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Common mental health problems

Information on common mental health problems, where to go for support and to learn more.

Anxiety

Anxiety is feelings of worry, unease and fear. It incorporates both the emotions and the physical sensations that we experience when we are nervous or worried about something. Everyone feels anxious from time to time, but for someone experiencing anxiety, these feelings are persistent and aren’t easily controlled. Anxiety or anxiety disorder is a serious condition that makes it hard to cope with daily life.

It’s useful to be able to separate the facts from the myths when looking at mental health.

Find out more about anxiety

The National Institute for Health and Care Excellence have published guidance on the management of anxiety

Anxiety cartoon image

Depression

Depression is a mental health disorder that causes a state of low mood that affects your everyday life and lasts for a long time. Depression affects people in different ways and symptoms can range from low mood to feeling suicidal.

It’s useful to be able to separate the facts from the myths when looking at mental health.

Find out more about depression

The National Institute for Health and Care Excellence have published guidance on the management of depression.

Mood Self-Assessment

The NHS provide a free mood self-assessment online tool. It uses questions that GPs often use to assess whether someone is anxious or depressed. It also includes links to useful information and advice on mental wellbeing.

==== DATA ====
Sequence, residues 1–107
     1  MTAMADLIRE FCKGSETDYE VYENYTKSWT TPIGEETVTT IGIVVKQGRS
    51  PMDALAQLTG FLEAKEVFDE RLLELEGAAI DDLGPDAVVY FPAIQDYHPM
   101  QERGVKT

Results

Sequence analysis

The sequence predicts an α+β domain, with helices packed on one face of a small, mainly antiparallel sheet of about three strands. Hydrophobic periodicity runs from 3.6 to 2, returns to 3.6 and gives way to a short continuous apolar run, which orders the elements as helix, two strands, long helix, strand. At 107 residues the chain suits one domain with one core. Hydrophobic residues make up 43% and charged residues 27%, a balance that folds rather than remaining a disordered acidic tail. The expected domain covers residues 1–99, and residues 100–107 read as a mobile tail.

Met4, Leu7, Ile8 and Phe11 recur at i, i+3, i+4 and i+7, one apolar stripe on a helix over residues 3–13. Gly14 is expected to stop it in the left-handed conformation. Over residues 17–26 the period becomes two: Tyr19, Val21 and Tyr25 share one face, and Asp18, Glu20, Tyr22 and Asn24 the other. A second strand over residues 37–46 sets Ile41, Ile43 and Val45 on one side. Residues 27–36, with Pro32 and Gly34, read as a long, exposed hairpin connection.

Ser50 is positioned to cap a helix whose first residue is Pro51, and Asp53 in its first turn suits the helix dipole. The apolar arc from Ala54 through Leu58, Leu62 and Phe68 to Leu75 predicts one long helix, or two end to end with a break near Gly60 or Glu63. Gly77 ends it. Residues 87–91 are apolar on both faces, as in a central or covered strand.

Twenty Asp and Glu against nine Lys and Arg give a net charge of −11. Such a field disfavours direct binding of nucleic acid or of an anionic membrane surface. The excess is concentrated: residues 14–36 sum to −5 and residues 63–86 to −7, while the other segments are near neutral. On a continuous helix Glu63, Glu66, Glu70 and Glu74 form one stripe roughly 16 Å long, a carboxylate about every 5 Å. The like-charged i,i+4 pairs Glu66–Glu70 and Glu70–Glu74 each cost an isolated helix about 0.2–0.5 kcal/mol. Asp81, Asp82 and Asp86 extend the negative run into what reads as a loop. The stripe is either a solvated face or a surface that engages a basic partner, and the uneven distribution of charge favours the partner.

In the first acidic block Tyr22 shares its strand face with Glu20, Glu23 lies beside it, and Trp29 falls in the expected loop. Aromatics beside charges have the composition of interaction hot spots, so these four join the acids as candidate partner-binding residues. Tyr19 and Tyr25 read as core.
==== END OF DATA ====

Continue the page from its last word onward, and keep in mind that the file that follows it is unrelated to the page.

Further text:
Try the Mood Self- Assessment Tool.

How to have a conversation about mental health

The Samaritans have created an interactive online programme which teaches people active listening skills for the workplace, as well as the skills to manage their own emotional health and look out for others, before they reach crisis point.

Six Steps to Return to Work

We have created a return to work resource page that includes a free online toolkit has been published by researches from Kingston University, Loughborough University and Affinity Health at Work. The website guides employers and employees through six steps, including how to deal with absence and communicate about mental health. The Return to Work website also features templates for absence letters, facts about mental health, checklists for each stage of sick leave and a comprehensive guide for returning to work, including exercises such as identifying work priorities.

Where to go for help

Lending an ear to someone at work who’s in distress could be all they need to move forward. Or it could be a chat with their line manager to sort out work-related problems. However, if you think somebody needs more support, these signposts could help.

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